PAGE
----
In a new study, middle school students at risk for obesity who were given an after-school snack of peanuts or peanut butter experienced a drop in their body mass index (BMI) after six months, compared to kids who did not eat a peanut snack.
“Obesity is the most pressing health issue facing us today,” said Dr. Craig Johnston, assistant professor at the University of Houston Department of Health and Human Performance (HHP) and one of the co-authors.
“We’d like to think it’s preventable, but from where I sit right now, there hasn’t been a lot shown to be very effective on a large scale.”
Johnston carried out the study with Jennette Moreno, Ph.D., of Baylor College of Medicine; Afshan Mohamed, M.S., R.D., of Texas Children’s Hospital; and Carolyn E. Moore, Ph.D., R.D., with Texas Woman’s University.
Unhealthy snacking is more common during the adolescent years, said the researchers, and this habit can lead to an unhealthy weight, particularly if the child doesn’t have access to other meals during the school day.
“We have a lot of kids skipping meals for a whole bunch of reasons,” Johnston said. “What we found is that kids get home from school around 4:00 p.m. There’s less supervision by parents and less structure. Kids are sitting down at the TV and eating, eating, eating because they really didn’t eat at school.”
For the study, 257 Latino adolescents from three Houston-area charter schools participated in a 12-week program of physical activity and nutrition education. About half the students received a snack of peanuts or peanut butter three to four times a week, while the rest received the snack fewer than once a week.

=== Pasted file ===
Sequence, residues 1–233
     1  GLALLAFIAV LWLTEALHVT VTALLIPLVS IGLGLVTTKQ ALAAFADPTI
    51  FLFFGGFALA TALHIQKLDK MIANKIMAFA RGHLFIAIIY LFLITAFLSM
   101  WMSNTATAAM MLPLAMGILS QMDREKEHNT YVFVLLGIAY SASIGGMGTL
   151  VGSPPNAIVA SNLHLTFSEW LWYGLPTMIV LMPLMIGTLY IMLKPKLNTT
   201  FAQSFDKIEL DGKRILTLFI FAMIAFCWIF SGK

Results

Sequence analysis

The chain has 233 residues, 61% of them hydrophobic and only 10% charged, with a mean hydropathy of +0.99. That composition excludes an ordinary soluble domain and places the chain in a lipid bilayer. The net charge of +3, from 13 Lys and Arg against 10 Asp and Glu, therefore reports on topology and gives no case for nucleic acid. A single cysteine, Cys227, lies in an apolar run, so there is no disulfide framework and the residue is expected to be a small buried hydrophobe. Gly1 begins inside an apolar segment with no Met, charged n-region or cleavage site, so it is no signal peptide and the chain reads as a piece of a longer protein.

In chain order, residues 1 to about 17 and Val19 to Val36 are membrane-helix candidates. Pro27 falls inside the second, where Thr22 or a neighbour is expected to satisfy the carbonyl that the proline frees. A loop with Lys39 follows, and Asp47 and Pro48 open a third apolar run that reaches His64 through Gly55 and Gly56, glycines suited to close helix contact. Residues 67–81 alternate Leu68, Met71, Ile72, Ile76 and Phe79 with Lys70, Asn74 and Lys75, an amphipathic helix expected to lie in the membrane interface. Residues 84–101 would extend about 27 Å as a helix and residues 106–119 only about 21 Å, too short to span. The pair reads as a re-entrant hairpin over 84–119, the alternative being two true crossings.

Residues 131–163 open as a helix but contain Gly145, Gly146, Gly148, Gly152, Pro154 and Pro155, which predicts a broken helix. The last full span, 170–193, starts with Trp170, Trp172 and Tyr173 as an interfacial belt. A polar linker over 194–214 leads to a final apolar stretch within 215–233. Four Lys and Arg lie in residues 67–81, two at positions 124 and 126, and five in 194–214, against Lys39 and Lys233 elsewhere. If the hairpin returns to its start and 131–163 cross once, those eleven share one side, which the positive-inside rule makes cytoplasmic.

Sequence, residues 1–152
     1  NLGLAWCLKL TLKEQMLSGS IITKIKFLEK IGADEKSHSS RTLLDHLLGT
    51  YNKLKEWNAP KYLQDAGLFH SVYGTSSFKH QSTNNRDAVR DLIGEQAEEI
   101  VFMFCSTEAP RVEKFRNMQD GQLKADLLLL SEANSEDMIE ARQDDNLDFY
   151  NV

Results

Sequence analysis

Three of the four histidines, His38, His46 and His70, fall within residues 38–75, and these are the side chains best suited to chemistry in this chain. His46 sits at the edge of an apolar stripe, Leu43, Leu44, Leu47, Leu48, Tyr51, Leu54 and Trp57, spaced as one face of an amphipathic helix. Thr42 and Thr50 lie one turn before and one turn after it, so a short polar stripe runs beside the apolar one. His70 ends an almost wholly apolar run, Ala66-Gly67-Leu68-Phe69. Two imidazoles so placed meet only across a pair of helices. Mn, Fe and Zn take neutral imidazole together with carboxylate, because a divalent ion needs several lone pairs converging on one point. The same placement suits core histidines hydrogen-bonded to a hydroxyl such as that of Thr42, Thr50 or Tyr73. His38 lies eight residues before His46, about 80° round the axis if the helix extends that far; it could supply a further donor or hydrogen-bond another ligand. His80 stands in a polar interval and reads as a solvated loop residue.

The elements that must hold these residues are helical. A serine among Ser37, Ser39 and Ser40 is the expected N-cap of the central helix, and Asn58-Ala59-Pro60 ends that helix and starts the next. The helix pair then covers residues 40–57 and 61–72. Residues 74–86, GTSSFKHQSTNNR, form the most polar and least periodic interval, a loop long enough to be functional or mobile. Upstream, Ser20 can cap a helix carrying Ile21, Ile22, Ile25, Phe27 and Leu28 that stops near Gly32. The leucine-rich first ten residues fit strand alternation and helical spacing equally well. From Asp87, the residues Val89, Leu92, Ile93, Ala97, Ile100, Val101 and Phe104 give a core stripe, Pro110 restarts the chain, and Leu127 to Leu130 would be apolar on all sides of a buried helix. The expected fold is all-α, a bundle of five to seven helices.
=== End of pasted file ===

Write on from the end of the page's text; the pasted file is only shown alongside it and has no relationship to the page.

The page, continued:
Researchers in the study ensured students did not suffer from nut allergies.
The peanut snack was given after school as students were boarding the school bus to go home. Peanuts were chosen because nuts are nutrient-dense snacks that promote a feeling of being full.
Once the 12-week intervention was over, students spent the next 12 weeks maintaining the healthy snacking habit. At the end of the period, those students who received the snack more regularly experienced a significant decrease in their overall BMI compared to those who did not receive the peanut snack regularly.
The researchers conclude that afterschool programs and schools can replace energy-dense, unhealthy snacks with peanuts to provide a healthier alternative for children. Johnston says the fight against obesity needs creative solutions that help people manage their weight, appetite, and hunger by offering socially acceptable food choices.
“Schools are doing a great job of teaching kids, getting them workforce ready, and a whole bunch of other things. We’ve just got to make sure that our kids are going to live long, happy lives with that kind of education,” he said.
The findings are published in the Journal of Applied Research on Children.
Source: University of Houston